How to be a Mental Health Ally

Here are some signs to look for – and a useful list of things you can do if you see anything that causes you concern.

Today is World Mental Health Day, dedicated to removing the stigma of mental illness and promoting mental wellness through understanding and allyship.

But what if your mental health concern isn’t for yourself but for someone else?  A friend, a colleague or a family member?  The more you understand, the better equipped you are to recognise the signs that someone’s struggling.  The more you know, the better an ally you can be.

They may say:

  • I’m not in a good place right now
  • I’m having a hard time
  • I’m just not myself
  • I can’t focus or think straight as I’ve got too many distractions

They may act:

  • Differently to their usual vocal style, being quiet if they are usually talkative or talking very quickly
  • Low, body language, slumping, moving slowly, having little energy
  • less willing to engage with colleagues or friends, cancelling social events, often at the last minute

What you can do to help:

  • Explain that YHG is a supportive employer and would look to provide the appropriate support for colleagues who are not well
  • Be calm and open to conversation – perhaps suggest going to a quiet space to have a chat
  • Let them speak and explain what they want to share – try not to interrupt or finish sentences with what you think is the issue
  • Try to clarify by repeating the meaning of what they say back to them, for example, “I’m hearing that you’ve got some personal issues with (whatever) and that you’re having difficulty concentrating at work – is that right?”
  • Allow them time to speak and to have a recovery time– so if somebody says they can’t deal with life or work right now, try to make it possible for them to log off or leave work and take some time out for them, so that they can deal with how they feel and come back to work later – if they canAsk how long they would like to take and agree some target boundaries.
  • Remind them that they are not alone, and remind them of our team of Mental Health First Aiders if this is not something you feel comfortable discussing further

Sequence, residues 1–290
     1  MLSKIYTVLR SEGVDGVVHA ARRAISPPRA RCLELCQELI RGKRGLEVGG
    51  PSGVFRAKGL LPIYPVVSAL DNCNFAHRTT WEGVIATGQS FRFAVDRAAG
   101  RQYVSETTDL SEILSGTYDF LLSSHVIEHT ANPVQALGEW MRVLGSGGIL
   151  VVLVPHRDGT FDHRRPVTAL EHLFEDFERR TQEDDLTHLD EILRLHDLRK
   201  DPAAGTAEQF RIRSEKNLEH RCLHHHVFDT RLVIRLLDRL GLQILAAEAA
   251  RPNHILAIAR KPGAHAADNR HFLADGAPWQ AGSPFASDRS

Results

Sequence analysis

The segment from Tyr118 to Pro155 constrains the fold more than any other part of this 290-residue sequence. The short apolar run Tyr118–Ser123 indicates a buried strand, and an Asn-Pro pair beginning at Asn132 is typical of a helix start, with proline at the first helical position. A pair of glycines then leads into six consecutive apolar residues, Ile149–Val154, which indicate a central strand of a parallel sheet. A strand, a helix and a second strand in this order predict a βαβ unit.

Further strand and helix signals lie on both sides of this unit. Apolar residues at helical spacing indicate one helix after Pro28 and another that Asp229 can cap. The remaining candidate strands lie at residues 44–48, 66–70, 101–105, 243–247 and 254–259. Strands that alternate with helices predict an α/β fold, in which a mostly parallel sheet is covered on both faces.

• A useful tool can be found here:
    Depression and anxiety self-assessment quiz – NHS (www.nhs.uk)

Language we can all adopt to either ask for help or check in with someone:

  • Do you fancy a tea or coffee sometime?
  • I’ve noticed you’re not your usual self, shall we go somewhere for a chat?
  • What can I help you with?
  • I’d like you to know that I’ve had some difficult periods in my life, that anything we discuss is confidential and that I’m here to help – not to judge.

SPECIAL NOTE

  • If at any time you have a feeling that the colleague may be considering suicide, please ask outright if they are considering ending their life. Talking openly about suicide helps. You may be the first person to allow them to speak about suicide and you should arrange immediate support from a Mental Health First Aider or a Helpline like:
    Samaritans – You can call Samaritans free on 116 123 if they want to talk to someone now. Papyrus – Contact HOPELINEUK – If they are having thoughts of suicide, or are concerned for a person (up to age 35) who might be, they or you can contact HOPELINEUK for confidential support and practical advice. Call: 0800 068 4141, Text: 07860 039 967, Email: pat@papyrus-uk.org
     

Here’s more information about mental health and wellbeing at [Redacted], this World Mental Health Day